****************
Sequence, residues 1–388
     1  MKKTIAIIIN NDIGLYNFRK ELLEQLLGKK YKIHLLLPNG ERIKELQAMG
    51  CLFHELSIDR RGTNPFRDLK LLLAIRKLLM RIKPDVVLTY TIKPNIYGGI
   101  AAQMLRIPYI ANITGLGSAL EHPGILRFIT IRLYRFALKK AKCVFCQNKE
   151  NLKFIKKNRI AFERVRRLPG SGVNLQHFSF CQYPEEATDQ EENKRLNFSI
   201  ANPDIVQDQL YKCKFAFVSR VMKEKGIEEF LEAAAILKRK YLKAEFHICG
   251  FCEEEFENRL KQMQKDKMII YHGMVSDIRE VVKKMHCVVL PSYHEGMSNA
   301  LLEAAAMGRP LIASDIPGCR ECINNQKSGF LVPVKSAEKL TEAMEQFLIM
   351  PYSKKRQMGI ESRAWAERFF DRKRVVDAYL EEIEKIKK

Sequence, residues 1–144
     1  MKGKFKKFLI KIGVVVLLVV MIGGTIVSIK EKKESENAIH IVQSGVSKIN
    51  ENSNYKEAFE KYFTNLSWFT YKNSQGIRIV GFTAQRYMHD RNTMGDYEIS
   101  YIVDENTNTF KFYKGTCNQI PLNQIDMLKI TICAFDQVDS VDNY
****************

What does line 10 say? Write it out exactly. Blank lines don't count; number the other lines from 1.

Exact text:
Sequence, residues 1–144